Time to buy a plane ticket.
UNITED STATES – DECEMBER 04: A woman smokes marijuana rolled as a blunt. (Photo By Bill Clark/Roll Call/Getty Images)
Across the US, states are opening the door to medical marijuana, recreational marijuana, and the commercial sales of both. While it’s true that for those states getting your mitts on some cannabis is easier than ever, smoking it is another matter. With concerns about visibility and second-hand smoke, there is a contentious debate about where smokers are permitted to light up. Recently, San Francisco has taken the lead by becoming the only city in the United States to fully embrace smoking lounges at dispensaries.
“This city is built for tourists,” Jesse Henry, the general manager of high-end dispensary The Barbary Coast, told the AP. “We put a lot of work into giving them a San Francisco experience.”
California is the only state which currently allows smoking marijuana at dispensaries. Decisions about on-site smoking are left to local municipalities. San Francisco, the first city to take up the state’s offer, began distributing licenses to operate smoking lounges when California’s recreational market opened on January 1st. Barbary Coast got theirs on January 11th.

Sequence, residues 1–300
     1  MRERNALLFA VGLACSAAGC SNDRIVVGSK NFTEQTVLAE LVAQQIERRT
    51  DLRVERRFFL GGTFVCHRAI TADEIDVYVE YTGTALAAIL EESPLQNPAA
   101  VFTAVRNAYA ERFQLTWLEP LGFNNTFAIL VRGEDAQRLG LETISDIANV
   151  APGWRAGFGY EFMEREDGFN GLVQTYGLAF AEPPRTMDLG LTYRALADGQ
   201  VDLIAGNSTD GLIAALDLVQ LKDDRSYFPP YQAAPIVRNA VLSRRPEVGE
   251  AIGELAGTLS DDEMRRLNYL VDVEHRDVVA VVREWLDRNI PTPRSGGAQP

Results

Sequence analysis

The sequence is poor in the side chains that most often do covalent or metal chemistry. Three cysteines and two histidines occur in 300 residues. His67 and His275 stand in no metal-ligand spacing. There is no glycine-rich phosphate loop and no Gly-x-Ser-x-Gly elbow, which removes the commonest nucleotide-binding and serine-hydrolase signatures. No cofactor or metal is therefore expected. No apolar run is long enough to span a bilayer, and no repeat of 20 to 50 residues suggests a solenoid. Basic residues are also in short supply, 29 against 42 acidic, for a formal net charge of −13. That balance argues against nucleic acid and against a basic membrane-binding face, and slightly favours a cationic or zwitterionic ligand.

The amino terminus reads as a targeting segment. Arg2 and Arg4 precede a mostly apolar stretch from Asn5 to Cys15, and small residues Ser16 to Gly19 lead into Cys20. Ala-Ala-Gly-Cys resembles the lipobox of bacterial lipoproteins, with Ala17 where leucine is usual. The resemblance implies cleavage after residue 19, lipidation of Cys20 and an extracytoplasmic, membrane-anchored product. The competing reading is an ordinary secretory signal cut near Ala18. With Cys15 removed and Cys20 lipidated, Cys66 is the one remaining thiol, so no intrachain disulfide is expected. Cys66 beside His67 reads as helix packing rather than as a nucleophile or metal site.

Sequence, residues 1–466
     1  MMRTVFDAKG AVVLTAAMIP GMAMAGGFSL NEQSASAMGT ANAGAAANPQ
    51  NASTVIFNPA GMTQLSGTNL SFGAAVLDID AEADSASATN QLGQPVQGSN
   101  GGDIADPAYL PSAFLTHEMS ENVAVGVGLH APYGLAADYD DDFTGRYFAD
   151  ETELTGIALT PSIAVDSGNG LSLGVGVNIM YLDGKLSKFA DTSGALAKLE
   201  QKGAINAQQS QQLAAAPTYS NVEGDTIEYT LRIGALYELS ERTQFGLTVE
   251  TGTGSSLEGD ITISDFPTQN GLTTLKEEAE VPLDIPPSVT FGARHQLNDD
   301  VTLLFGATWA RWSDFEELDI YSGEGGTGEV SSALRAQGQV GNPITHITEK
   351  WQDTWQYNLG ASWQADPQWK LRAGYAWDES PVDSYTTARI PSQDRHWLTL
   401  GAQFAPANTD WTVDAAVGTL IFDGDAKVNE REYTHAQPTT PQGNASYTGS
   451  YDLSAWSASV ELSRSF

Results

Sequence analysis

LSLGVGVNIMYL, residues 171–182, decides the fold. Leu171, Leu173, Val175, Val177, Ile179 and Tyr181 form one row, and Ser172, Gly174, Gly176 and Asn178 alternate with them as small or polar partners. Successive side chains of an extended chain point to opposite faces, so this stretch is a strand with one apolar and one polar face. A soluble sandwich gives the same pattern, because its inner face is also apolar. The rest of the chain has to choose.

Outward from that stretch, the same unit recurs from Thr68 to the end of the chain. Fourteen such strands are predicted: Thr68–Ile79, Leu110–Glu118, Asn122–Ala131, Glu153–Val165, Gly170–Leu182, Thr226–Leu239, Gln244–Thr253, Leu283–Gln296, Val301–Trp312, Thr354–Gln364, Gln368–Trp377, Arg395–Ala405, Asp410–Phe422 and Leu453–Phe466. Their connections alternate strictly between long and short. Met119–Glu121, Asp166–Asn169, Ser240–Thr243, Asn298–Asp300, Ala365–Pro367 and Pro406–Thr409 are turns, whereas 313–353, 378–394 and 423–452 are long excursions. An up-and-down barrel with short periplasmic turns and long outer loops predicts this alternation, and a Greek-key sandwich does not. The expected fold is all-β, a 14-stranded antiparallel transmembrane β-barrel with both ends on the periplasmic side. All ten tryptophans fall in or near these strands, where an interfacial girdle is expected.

To qualify for a license, businesses need more than just a side-parlour. Health and safety policy dictates that there has to be proper air ventilation and heating systems, and that the tufts of weed smoke and dank smells don’t spill over into the street. Nicole Elliott, director of San Francisco’s Office of Cannabis, told the AP that additional permits will be given out when “city health officials finalize regulations designed to protect workers from secondhand smoke and the neighborhood from unwelcomed odors.”
West Hollywood will issue up to eight licenses for lounges. Oakland also has a lounge while larger cities like Sacramento and Los Angeles are still deciding whether they’ll let any in.
Other states are wrestling with the conundrum of where all this legal weed can be smoked too. Vermont lawmakers recently considered a bill to fine residents for simply smelling like weed. And in Las Vegas, where marijuana can be a huge tourism draw, lawmakers are facing pressure from influential casino and resort owners who would prefer this one particular vice remain off the strip.